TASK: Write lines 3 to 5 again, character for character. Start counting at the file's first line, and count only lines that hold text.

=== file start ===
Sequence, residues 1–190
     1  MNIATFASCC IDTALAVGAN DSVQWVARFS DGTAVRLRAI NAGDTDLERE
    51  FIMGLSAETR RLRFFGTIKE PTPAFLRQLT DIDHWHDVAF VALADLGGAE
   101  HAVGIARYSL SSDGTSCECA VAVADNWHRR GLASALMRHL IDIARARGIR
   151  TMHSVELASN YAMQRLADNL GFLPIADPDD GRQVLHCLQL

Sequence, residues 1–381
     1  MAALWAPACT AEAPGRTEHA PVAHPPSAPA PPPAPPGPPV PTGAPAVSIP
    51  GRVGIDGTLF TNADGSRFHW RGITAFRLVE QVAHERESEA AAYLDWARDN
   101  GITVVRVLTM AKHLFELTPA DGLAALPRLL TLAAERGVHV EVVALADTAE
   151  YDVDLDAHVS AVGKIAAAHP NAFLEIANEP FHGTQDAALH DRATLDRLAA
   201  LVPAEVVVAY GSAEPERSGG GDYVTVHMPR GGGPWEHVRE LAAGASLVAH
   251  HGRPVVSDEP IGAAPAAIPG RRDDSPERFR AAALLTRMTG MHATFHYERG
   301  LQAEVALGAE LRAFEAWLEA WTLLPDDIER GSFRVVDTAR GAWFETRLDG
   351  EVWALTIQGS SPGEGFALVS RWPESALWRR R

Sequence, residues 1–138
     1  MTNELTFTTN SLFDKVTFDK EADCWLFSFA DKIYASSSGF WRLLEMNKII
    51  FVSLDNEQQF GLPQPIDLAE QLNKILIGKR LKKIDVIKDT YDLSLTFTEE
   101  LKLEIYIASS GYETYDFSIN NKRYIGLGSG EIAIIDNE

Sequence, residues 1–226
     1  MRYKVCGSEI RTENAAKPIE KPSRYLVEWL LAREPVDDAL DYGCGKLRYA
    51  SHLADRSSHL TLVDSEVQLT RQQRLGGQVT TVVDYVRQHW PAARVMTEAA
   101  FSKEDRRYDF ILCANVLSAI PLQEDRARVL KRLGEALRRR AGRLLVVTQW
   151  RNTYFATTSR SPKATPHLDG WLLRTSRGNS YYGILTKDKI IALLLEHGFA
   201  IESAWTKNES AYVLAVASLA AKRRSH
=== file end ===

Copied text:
    51  FIMGLSAETR RLRFFGTIKE PTPAFLRQLT DIDHWHDVAF VALADLGGAE
   101  HAVGIARYSL SSDGTSCECA VAVADNWHRR GLASALMRHL IDIARARGIR
   151  TMHSVELASN YAMQRLADNL GFLPIADPDD GRQVLHCLQL